Sunday, August 30, 2009

Day 7 - Close Encounters

August 29, 2009

I guess I got the same 6 or so hours of sleep I had been getting, even with my late night chat with Brian. When I called it a night I tried to connect to the internet, but didn't have much luck. I really needed some shuteye and finally gave up.

Brian was already up when I left my room the next morning and we chatted some more while waiting for the the biker guys he was expecting. They never did show, so we looked over a map of Wyoming and did some math for the road trip. Turns out it would only be about 15 miles out of the way to hit Devil's Tower on the way to Mount Rushmore, so I got those directions written on the windshield and packed up.

The road leaving the hotel looked much like the road out of Cody had before the sun went down the night before. Thankfully fewer animals at the pavement's edge, but otherwise relatively flat, rolling hills with lots of low growing shrubs and such. Brian had suggested a less direct route to Devil's Tower to avoid the local construction and I was all too happy to bypass any more road work. Once on the road, it occurred to me that it was Sunday and I wondered if crews would have been at work or not...

Still, it was a nice enough ride and I stopped at Ten Sleep to visit Dirty Sally's as Brian had suggested. I was greeted at the swinging doors by the smell of warm pastry of some sort. Turns out they make their own waffle cones and their sole employee was getting the day's supply ready. It smelled really good, but it was too early for ice cream for me. I took a minute to look at all the stuff that was packed in the smallish store, but nothing jumped out at me, so, with a 'thank you', I swung the doors the other way and got back on the bike.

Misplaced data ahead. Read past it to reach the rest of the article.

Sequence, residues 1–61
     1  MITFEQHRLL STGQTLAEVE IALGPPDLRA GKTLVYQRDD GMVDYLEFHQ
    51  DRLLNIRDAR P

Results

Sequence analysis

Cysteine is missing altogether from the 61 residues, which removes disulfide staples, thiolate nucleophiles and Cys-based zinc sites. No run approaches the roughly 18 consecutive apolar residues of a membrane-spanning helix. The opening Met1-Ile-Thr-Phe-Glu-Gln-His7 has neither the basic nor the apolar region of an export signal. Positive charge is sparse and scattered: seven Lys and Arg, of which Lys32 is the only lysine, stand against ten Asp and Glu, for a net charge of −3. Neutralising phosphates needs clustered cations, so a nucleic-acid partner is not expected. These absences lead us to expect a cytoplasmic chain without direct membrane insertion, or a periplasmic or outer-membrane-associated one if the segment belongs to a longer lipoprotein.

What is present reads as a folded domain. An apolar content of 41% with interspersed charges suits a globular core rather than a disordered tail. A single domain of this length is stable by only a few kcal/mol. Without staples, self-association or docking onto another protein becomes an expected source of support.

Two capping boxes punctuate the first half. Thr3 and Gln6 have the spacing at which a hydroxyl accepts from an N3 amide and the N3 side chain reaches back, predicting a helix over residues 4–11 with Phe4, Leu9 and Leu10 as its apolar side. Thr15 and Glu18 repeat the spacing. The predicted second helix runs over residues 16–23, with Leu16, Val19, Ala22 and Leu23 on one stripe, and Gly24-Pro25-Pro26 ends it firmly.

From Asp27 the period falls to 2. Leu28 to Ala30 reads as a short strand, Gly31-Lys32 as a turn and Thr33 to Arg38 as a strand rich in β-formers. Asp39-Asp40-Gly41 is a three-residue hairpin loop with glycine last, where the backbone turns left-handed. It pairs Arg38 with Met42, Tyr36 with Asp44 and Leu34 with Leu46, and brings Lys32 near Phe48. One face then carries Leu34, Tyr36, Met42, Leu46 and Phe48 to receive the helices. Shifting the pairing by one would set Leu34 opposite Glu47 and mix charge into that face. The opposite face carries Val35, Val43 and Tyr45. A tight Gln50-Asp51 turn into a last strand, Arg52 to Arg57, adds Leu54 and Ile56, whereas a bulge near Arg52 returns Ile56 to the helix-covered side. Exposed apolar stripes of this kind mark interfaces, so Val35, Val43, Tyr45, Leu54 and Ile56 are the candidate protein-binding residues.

Crazy Woman Cafe was right across the street and I wished I could have gone in for breakfast. Instead I watched another bike pull up and the rider saunter in, surely to eat a fine middle-of-nowhere-town breakfast. Crazy Woman was a frequent moniker around Buffalo. I never did see anything explaining it, but it has to be on the top ten place names EVER!

At 830 am I saw a temperature reading of 50 degrees and not far from that I pulled into a Sinclair gas station to inquire about their 'free air' sign. The guy was pleasant enough and pointed out the hose with a 'have at it'. He asked if I needed a guage, but I had mine. I had culled a bunch of stuff before I left home and one of the things I decided to leave home was my air compressor. I'm still not sure if that was a wise choice or not. I didn't happen to need it on the road, but still...

I held the head of the nozzle on the valve for a handful of seconds trying to gauge how long it would take to put a couple more pounds in based on my experience with my rinky dink compressor. I figured we'd just do that dance between adding air and checking the pressure till it was at what I wanted.

I put the gauge on the valve and looked at it twice. I pressed the release button to reset the number on the gauge to measure again. Certainly there's no way I just doubled the pressure of the tire in less than 5 seconds. Oh, but I did. The mini-panic sets in: MUST LET AIR OUT. I used something, I don't even remember what, to release the pressure from the tire. 60. 60+ psi. Well, *that* was NOT the number I'd been looking for. Once the pressure was back in the normal range, I found the guy who'd helped me to pick his brain about what doubling a tire's air pressure might do to it. I was happy to learn that tires and tubes are subjected to that kind of pressure in their installation to seat the tire anyway, so no worries. That was quite a relief to hear and I got back on the road. Add a couple more things to the 'lessons learned' column.

(The coolest Walmart exterior I've ever come across.)